Manseeb Khan : Yeah, for sure. Absolutely. And like you can even start again adding more. And actually, this opens up the door to add more blocks in the future of having even more criteria as of getting approved for loans or what it or the case may be. You guys do something really interesting called Cloud lending. Could you explain a little bit more of what cloud lending is and why it's going to become a trillion-dollar year over year industry?

Vit Arnautov: Yeah, sure. So, cloud lending is really exploding and so we host all our solutions in the cloud, of course. And for each like if it’s a retailer or even a dentist wanted to stand their business and to go online. Or is it a fintech startups. A lot of new players coming into the market. And of course, they have our own challenges and many businesses struggle with the entry barrier. But with a bot platform that we provide, it can be deployed within a day. So, it's ready to use and compare it to the like millions of dollars that banks were investing in R&D to have the same functionality in the past. So, the way we see it is launching now a web platform. A cloud platform for lending is as easy as a WordPress site, which was a really heavy 10 years ago. And now it's a matter of hours. And so, we're even hosting it for you. So, you don't need to pay for hosting separately on your domain name. So, we have a goal in one place. You just buy a subscription and you go with your lending platform.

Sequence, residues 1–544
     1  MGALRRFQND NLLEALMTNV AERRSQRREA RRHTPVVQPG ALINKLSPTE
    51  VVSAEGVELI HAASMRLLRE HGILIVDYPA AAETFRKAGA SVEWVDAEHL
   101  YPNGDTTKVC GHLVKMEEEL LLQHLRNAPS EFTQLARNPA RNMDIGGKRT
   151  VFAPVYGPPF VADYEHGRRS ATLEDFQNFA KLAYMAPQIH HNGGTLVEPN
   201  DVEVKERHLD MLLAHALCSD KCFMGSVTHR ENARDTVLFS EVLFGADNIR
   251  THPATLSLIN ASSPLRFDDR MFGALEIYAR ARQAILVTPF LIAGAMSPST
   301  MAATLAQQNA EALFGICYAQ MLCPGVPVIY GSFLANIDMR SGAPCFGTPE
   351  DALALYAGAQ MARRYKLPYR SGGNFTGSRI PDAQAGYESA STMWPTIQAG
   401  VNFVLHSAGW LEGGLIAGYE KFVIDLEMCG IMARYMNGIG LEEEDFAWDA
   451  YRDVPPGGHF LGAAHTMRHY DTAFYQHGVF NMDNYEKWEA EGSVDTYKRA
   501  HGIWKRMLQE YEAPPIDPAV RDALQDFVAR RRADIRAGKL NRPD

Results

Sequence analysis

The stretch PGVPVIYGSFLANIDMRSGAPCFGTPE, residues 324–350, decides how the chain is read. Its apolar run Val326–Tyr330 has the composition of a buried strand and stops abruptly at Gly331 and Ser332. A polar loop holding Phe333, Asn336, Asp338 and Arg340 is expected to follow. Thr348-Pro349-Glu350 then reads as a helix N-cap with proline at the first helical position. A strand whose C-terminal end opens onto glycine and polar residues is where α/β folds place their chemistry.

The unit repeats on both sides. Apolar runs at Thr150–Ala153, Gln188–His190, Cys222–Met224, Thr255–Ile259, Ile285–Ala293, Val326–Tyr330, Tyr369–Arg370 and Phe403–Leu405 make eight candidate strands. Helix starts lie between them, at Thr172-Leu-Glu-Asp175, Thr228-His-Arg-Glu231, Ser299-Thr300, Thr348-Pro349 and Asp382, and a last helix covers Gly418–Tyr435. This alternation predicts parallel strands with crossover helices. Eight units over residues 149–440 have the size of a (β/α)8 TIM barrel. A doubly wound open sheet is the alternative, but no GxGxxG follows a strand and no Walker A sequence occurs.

Manseeb Khan : That's incredible. That makes it a lot more easier to use. I like the WordPress analogy. How do you how do you see technology changing in the lending space in the next five years?